Questions for Doper Doctors about mono

A friend of mine (actually a friend, and not me) has mononucleiosis. What exactly is this? I know it’s a viral infection, but of what? Lymphatics? Is it confined to the oral cavity? What about other mucus membranes? Is it only spread through coughing, kissing, sharing eating utilsils, etc?

She has obviously been told to rest and avoid exercise. The only reason her doctor gave her for this is that her spleen might rupture. How common is a ruptured spleen anyway? Is that the only indication for rest or are there other complications seen with exercise?

Feel free to be as thorough as you’d like to be, I don’t particularly need layman’s terms.


Mono is a self-limited febrile illness associated with the Epstein-Barr virus, characterized by malaise, stomatitis, pharyngitis, generalized lymphadenopathy (esp. cervical, ie neck), enlarged spleen, and abnormal white blood cells. It is encountered mostly in the young, but its actual prevalance is doubtless underestimated, since symptoms may be quite mild and go unreported.

Its manifestations vary greatly from person to person, , but generallly begin with vague malaise, chills, mild fever and sore throat, which last 3 to 6 days. By week 2 or 3, the illness often progresses to increased fever (up to 103 is common), with debilitating sore throat, and prominent swelling of the lymph nodes, especially under the jaw. Half of examined patients have enlarged spleens (the spleen being filled with lymphocytes), and somewhat less than half also get an enlarged liver. up to 10% may have actual hepatitis with jaundice due to the virus. A fine rash, similar to rubella may occur, and so can conjunctivitis, or inflammation of the inner eyelids.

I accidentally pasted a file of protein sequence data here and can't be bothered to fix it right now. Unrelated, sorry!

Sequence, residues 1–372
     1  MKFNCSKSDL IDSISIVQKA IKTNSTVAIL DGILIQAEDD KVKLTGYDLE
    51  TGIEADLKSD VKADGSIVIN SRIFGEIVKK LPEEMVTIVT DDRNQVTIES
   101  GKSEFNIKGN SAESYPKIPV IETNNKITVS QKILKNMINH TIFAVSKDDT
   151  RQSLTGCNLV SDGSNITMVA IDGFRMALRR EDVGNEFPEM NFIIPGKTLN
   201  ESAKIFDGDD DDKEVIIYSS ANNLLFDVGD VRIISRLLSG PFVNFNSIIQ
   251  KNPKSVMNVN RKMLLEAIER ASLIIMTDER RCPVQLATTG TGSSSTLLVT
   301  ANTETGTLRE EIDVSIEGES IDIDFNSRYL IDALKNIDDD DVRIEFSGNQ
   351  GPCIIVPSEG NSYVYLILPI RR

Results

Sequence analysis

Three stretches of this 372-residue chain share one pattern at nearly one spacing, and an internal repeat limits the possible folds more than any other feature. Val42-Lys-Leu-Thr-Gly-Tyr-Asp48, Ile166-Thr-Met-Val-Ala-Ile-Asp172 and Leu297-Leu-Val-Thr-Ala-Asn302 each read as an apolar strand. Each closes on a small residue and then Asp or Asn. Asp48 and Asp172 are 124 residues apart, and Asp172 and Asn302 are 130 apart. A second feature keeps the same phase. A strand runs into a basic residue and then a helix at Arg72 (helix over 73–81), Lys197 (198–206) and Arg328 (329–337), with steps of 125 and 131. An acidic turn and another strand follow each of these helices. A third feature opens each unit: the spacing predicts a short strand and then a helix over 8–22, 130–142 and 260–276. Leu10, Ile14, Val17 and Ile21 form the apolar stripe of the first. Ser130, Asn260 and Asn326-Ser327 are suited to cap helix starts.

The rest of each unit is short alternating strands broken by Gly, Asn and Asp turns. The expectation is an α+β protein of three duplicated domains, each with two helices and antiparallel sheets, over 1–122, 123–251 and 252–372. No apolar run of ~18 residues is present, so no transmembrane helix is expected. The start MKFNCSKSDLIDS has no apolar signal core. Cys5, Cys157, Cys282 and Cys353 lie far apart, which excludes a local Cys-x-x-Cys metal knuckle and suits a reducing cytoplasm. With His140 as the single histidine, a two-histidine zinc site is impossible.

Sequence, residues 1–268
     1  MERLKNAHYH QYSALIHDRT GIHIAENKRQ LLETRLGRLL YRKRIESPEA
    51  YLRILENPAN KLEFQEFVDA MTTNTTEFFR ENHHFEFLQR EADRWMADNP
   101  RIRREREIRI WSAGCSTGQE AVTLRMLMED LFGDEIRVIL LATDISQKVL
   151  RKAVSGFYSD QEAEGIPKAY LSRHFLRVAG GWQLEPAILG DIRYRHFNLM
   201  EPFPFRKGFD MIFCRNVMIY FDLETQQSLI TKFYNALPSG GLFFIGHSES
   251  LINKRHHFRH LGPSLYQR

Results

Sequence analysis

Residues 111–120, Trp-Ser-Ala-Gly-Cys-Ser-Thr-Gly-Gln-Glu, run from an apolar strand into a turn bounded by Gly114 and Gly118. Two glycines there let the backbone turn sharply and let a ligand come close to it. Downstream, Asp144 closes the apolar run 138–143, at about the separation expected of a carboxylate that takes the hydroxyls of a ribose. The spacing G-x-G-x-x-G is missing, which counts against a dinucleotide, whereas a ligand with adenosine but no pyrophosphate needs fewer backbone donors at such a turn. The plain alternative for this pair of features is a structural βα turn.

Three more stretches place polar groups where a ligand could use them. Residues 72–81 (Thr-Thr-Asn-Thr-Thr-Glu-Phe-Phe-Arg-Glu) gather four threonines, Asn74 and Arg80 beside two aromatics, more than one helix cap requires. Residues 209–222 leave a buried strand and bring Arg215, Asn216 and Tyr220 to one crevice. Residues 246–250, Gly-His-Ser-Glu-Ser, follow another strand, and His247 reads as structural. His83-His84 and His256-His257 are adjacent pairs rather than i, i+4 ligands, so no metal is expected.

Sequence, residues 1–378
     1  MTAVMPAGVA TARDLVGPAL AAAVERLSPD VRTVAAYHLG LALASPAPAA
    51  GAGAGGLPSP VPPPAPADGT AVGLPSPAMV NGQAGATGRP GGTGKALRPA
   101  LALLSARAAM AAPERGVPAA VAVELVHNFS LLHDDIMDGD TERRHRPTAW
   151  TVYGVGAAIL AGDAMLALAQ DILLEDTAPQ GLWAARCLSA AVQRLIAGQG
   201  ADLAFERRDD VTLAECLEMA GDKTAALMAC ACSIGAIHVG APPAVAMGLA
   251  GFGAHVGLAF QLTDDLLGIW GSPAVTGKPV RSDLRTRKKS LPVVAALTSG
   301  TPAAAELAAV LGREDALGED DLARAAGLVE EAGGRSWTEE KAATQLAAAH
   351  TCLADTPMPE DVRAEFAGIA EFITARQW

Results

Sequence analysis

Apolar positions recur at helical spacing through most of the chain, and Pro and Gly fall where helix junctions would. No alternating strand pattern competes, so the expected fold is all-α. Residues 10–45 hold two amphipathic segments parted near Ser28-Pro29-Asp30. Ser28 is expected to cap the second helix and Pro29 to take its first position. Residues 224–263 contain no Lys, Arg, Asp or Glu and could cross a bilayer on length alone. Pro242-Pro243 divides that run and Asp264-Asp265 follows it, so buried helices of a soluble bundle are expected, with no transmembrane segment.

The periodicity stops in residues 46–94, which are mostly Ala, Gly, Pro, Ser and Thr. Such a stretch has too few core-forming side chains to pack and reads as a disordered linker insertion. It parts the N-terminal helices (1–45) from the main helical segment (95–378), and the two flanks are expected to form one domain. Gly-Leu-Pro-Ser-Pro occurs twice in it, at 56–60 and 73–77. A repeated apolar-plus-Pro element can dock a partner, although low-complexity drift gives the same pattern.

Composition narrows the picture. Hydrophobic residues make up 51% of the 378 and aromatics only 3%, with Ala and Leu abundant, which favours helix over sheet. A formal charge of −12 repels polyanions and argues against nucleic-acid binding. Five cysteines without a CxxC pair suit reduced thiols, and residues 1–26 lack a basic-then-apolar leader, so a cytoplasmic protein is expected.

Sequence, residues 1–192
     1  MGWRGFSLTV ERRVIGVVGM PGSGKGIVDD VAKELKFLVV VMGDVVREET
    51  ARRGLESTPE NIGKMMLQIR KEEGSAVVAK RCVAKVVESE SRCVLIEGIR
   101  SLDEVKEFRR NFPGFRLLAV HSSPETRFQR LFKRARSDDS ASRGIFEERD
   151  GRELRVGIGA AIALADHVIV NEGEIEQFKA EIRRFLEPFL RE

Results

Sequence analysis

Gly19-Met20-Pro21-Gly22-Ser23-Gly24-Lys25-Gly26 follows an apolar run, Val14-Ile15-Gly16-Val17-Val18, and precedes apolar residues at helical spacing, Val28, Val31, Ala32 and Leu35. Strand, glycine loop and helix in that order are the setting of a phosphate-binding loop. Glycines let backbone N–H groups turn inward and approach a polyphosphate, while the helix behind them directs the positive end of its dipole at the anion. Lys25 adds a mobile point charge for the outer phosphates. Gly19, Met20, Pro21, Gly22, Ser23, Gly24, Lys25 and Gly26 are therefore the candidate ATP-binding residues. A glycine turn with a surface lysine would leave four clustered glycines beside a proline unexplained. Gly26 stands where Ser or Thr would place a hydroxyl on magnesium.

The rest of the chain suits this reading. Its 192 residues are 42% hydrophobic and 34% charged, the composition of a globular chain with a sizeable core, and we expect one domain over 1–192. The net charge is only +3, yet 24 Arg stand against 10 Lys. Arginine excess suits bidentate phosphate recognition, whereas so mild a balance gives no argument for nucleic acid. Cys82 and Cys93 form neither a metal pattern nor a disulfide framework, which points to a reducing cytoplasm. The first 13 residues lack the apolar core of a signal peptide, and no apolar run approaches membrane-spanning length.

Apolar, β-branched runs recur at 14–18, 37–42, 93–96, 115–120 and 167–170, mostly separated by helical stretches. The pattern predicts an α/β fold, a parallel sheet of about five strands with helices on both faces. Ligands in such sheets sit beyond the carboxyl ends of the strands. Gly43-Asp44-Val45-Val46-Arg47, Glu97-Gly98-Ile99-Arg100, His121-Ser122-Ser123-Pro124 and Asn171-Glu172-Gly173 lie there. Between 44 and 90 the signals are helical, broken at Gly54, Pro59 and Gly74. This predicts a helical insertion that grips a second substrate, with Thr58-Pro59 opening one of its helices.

In less that one percent of the cases, the central nervous system becomes involved, and one may see stupor, headache, palsies and seizures, all resulting from a virus-induced meningoencephalitis or polyneurits.

fatalities are infrequent, and are usually associated with splenic rupture from trauma. (I’ve seen 3 cases of splenic rupture from kids with mono playing High School football, 1 died). Occasionally the throat swells so much as to cut off the airway, but this is extremely rare. Also rare is liver failure due to the virus, and fatal seizures, or fatal hemorrhage due to reduced platelets.

Transmission is from blood and oral secretions. Its classically been called the “kissing disease” but more often a transmission is associated with sharing eating utensils or glasses.

Complete recovery is the expected outcome, with the illness usually running its course in 3 to 5 weeks. Chronic fatigue can be a problem for months afterward. Some individuals suffer prolonged symptoms, or distant relapses.

Mono is often initially misdiagnosed as a strep throat. This is usually due to the fact that the serologic tests for mono don’t turn positive until the 2nd or 3rd week of the infection. Likewise, the abnormal white blood cells don’t appear until later in the course.

Therapy is supportive. No good anti-viral meds have yet been found for the infection. Occasionally steroids are used to reduce the throat swelling. Ampicillin and Amoxicillin are to be especially avoided, not only because they do no good (it’s a virus, dammit), but also because they tend to cause a rash more frequently in the patient with mono. Fluids, pain and fever relievers, topical anesthetics like throat lozenges are the rule. And no contact sports for at least a month!

That’s probably more than you wanted to know. There’s lots of current controversy about exactly what the infectious virus does, and how it can be combatted, and what other related illnesses it may cause or contribute to, but that’s a whole 'nother note.

That is exactly what I wanted, thank you.

Are contact sports to be avoided so that there isn’t trauma to the spleen or because of the fatigue associated with the virus? My friend is also a diver (like in the olympics, not scuba) and that’s not usually considered a contact sport, although there could be some trauma if she did a belly flop.

splenic trauma is to be avoided, this includes pressure changes, even those found in a clean dive. Going 10 feet under causes as much pressure on the abdomen as a mild to moderate blow to the stomach. It doesn’t feel the same as being slugged in the guy because the pressure is applied equally all over, but it could still result in dire consequences.